University of Vermont

University of Vermont Army ROTC

Considering ROTC

As you make your way through college, you may find that you are looking for more than a college diploma when you graduate. If you are, consider Army ROTC.

Army ROTC (Reserve Officers' Training Corps) is the premier leadership course in the country and is part of your college curriculum. During classes, leadership labs, physical training and field training exercises, you will learn firsthand what it takes to lead others, motivate groups and conduct missions as an Officer in the United States Army. Upon graduation from Army ROTC, you will commission as a Second Lieutenant in the Active Army, Army Reserve or Army National Guard becoming a leader for life.

Army ROTC has a long, rich history of producing some of the most notable leaders in our country's history. The Army Reserve Officers' Training Corps (ROTC) was born when President Woodrow Wilson signed the National Defense Act of 1916. Since its inception, Army ROTC has provided leadership and military training at schools and universities across the country commissioning more than a half million Officers. It is the largest commissioning source in the United States military. Upon graduation, Cadets will serve as Second Lieutenants in the National Guard, U.S. Army Reserve, or Active Duty assignment.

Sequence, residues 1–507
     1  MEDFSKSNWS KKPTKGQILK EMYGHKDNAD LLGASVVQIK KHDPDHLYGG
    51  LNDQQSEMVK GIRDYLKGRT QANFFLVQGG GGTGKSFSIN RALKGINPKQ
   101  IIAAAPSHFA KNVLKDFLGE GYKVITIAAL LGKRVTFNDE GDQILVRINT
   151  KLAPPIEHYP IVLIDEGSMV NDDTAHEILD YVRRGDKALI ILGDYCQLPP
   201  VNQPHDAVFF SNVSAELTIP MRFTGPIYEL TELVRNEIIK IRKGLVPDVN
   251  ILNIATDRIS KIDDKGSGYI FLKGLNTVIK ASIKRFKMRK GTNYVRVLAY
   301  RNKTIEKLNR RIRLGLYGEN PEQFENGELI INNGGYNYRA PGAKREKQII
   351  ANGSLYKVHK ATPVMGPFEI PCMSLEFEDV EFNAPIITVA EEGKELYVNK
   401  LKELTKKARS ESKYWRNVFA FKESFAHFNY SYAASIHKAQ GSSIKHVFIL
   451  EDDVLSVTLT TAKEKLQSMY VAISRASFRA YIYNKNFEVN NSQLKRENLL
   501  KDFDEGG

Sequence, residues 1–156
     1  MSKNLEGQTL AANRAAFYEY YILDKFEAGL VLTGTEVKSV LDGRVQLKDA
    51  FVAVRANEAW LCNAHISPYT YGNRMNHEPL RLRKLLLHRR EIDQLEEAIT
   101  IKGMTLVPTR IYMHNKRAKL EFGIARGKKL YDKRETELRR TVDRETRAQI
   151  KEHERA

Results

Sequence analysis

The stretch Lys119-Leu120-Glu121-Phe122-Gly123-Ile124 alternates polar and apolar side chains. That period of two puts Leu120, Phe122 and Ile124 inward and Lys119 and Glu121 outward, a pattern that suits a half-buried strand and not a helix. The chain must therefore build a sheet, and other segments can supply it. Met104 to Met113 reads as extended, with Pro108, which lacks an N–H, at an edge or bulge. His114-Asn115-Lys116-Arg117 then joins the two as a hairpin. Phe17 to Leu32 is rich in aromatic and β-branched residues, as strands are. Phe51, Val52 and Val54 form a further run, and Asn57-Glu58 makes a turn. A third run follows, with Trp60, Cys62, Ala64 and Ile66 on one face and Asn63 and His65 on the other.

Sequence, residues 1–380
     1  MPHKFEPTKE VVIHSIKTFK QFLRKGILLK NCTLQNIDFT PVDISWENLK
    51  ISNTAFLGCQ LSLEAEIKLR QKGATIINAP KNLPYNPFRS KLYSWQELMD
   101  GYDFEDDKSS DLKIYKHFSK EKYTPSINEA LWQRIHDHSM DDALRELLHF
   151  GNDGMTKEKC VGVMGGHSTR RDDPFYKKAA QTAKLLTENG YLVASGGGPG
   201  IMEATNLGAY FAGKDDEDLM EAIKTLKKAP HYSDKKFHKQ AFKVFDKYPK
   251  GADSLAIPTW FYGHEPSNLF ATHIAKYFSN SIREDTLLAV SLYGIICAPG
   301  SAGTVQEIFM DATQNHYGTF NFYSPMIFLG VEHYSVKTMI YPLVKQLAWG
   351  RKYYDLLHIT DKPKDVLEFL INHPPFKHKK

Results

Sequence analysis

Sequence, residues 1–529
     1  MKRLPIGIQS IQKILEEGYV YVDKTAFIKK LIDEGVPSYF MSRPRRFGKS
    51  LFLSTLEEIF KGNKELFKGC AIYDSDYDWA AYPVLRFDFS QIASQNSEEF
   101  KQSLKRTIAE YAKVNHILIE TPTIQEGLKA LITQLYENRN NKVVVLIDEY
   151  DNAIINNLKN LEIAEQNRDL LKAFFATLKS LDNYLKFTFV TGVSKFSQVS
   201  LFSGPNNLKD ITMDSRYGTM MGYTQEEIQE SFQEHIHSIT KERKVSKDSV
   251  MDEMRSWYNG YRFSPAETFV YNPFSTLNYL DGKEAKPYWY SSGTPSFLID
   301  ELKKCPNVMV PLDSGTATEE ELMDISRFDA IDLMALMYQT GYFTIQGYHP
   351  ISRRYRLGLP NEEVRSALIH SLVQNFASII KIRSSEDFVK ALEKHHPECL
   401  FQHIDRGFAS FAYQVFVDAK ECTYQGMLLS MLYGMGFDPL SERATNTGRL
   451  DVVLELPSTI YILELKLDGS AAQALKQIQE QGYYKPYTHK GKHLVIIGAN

High School Juniors and Seniors:

Each year thousands of High School students apply to the United States Army Cadet Command Scholarship program. The U.S. Army Cadet Command awards both 4 year and 3 year scholarships via a National ROTC scholarship process. The ROTC National Scholarship process is independent from your college application process. Candidates for an ROTC scholarship can request up to seven school choices. Learn more at www.goarmy.com/rotc or by contacting Mr. Michael Palaza at the University of Vermont Army ROTC at 802-656-5757 or mpalaza@uvm.edu

Current College Students:

College students can also enroll in Army ROTC during their freshman & sophomore years. Enrollment into Army ROTC is contingent upon being academically, physically, and medically qualified. Learn more by contacting Mr. Michael Palaza at the University of Vermont Army ROTC at 802-656-5757 or mpalaza@uvm.edu

Last modified February 02 2015 09:00 AM